As indicated above in the background section, the perimeter gap 36 is relatively small and is not large enough for allowing the insertion of fingers therein for removing the platform 20 when required. In the prior art, a suitable hinged lift handle is mounted in a small portion of the top of the platform for being lifted when desired. However, the conventional lift handle is dedicated solely to that purpose and adds to the part count and cost of the scale, and is itself subject to accumulation of debris in the center region of the housing.
In accordance with the present invention, an elongate lift bar 38 as shown in FIGS. 1 and 2 is pivotally mounted atop the platform 20 for manual movement between a stowed position shown in solid line in FIG. 1 and in solid line in FIG. 2 substantially flush with the top surface of the platform 20, and in a deployed position shown in phantom line in FIG. 1 spaced in part upwardly above the platform 20. In the deployed position, the lift bar 38 is effective for extending the size of the platform 20 and for permitting manual lifting of the platform 20 vertically away from the proximity switch 32 and return adjacent thereto for automatically resetting the weighing module 18.
The lift bar 38 is in the preferred form of a specifically configured circular rod which extends across the platform 20, and in its upright deployed position allows relatively large merchandise 14 such as that illustrated in FIG. 1 to rest in part atop the platform 20 itself, and in part across the lift bar 38 to ensure that oversize merchandise 14 does not contact the housing top flange 16b or the checkout counter 12 which could cause erroneous weight readings. When the lift bar 38 is stowed flush with the top surface of the platform 20, merchandise may be simply slid across the platform 20 in the lateral direction illustrated in FIG. 1, and temporarily rest atop the platform 20 for the weighing thereof.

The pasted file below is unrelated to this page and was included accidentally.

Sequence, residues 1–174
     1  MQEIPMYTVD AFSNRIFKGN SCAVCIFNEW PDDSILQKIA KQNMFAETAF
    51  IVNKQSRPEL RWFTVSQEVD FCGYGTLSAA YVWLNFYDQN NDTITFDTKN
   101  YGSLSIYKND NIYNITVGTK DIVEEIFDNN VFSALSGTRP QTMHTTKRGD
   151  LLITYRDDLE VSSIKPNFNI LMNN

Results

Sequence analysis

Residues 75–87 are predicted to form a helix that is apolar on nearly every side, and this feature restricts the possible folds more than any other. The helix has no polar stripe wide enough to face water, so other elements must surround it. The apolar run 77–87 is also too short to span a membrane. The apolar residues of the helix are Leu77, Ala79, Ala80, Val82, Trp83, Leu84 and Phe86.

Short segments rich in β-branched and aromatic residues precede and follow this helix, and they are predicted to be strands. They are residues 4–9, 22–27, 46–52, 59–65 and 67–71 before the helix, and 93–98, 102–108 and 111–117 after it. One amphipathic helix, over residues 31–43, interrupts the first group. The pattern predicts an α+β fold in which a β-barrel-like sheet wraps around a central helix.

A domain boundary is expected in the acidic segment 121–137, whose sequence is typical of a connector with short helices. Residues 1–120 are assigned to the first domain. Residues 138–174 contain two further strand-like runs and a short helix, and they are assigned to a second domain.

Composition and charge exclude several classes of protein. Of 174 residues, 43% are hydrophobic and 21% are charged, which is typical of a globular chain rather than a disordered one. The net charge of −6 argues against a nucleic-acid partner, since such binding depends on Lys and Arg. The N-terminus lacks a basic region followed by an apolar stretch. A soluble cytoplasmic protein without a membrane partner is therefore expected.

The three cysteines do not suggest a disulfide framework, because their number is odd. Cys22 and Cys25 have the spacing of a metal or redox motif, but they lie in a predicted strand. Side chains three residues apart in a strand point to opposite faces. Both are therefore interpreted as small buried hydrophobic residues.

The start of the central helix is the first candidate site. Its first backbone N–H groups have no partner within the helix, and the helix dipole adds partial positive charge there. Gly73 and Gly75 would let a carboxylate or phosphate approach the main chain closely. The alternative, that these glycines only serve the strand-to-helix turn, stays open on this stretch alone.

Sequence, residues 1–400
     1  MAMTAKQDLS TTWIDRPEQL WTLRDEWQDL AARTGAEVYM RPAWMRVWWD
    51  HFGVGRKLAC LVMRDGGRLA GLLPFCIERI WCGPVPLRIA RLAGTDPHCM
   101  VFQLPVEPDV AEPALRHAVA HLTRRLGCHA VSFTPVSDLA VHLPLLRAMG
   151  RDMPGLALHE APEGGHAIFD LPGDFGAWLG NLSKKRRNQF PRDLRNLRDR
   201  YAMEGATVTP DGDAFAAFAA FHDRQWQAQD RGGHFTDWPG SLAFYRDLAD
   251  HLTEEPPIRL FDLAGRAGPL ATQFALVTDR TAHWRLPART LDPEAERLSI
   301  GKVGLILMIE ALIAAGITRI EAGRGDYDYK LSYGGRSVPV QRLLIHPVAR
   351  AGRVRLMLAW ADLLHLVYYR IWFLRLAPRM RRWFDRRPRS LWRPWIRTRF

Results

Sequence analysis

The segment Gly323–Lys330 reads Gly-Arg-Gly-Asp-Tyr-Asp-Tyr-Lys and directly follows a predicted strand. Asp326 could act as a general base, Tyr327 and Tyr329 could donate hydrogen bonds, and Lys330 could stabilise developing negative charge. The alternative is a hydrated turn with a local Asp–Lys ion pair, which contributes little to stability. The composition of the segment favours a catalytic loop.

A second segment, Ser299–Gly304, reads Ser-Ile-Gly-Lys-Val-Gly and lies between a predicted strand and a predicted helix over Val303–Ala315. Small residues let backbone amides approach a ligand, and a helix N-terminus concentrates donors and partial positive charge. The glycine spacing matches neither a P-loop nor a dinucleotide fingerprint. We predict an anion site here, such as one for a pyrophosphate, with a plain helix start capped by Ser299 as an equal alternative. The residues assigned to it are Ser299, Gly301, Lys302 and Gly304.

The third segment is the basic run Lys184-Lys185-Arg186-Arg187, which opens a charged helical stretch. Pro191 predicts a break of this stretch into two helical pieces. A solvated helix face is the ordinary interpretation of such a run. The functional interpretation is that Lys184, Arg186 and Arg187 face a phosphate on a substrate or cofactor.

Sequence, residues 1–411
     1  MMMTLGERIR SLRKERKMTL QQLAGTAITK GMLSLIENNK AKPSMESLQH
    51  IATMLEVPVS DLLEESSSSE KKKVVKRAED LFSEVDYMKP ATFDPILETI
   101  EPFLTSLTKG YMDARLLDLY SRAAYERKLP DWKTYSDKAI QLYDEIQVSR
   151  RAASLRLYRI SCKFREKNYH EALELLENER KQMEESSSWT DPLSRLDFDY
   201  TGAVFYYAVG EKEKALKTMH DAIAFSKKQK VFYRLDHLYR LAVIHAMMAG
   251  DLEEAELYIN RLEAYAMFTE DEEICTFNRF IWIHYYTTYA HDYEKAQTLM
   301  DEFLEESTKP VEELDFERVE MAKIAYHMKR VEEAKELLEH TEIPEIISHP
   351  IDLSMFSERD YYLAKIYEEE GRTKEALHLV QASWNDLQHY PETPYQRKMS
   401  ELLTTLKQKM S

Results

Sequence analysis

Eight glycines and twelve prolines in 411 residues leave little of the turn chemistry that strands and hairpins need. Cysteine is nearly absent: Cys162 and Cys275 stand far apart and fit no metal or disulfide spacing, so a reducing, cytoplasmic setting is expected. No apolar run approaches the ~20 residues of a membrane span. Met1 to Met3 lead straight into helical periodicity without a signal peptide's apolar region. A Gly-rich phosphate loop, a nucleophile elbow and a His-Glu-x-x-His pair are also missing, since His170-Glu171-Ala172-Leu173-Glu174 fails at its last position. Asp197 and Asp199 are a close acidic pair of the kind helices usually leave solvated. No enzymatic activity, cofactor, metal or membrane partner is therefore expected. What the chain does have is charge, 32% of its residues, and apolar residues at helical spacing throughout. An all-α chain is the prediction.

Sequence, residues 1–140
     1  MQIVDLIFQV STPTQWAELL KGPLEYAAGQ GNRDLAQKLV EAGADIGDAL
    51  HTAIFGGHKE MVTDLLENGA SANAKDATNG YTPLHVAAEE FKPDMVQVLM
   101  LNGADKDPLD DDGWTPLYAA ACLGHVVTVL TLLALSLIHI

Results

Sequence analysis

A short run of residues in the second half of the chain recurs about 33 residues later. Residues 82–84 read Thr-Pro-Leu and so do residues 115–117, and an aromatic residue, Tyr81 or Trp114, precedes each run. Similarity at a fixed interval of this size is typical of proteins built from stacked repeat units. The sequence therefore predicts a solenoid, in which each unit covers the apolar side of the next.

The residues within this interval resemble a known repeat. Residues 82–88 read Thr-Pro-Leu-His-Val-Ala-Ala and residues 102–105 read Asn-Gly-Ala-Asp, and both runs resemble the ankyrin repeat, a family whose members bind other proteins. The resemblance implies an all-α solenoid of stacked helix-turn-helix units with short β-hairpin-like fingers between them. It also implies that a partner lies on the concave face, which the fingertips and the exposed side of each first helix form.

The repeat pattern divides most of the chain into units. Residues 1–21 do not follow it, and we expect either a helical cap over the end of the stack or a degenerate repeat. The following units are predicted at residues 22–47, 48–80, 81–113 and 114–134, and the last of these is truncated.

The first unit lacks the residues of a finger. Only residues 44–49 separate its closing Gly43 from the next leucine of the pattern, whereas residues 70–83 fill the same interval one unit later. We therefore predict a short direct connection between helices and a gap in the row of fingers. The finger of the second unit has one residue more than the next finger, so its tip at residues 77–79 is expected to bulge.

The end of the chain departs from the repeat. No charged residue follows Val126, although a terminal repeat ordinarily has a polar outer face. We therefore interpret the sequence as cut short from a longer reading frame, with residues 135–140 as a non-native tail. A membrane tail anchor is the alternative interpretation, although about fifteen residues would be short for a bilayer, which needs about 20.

The lift bar 38 therefore not only provides an effective extension of the platform 20, but it is also now available for use as a reset handle and therefore eliminates the need for the conventional lift handle specifically configured for such use in a small portion of the platform 20.
When cleaning and resetting of the scale 10 is desired, the lift bar 38 may be manually lifted from its stowed position illustrated in FIG. 2 to its deployed position illustrated in FIG. 1. The lift bar 38 may then be manually lifted to, in turn, lift the platform 20 vertically upwardly away from the housing 16 and the proximity sensor 32 so that a clerk may then clean away debris around the housing top flange 16b. The lift bar 38 may then be used for lowering together the lift bar itself and the platform 20 to reseat the platform 20 atop the carriage 26 of the weighing module 18, and adjacent to the proximity sensor 32 for allowing automatic resetting of the weighing module 18.
As described above, the proximity sensor 32 detects the removal of the platform 20 and then detects the reseating of the platform and automatically resets the weighing module 18 for zeroing the scale in a conventional manner. The lift bar 38 as shown in its deployed position in FIG. 1 may then be returned to its stowed position as shown in FIG. 2 until it is needed for either extending the size of the platform 20 or for again removing the platform 20 for cleaning and resetting the scale 10.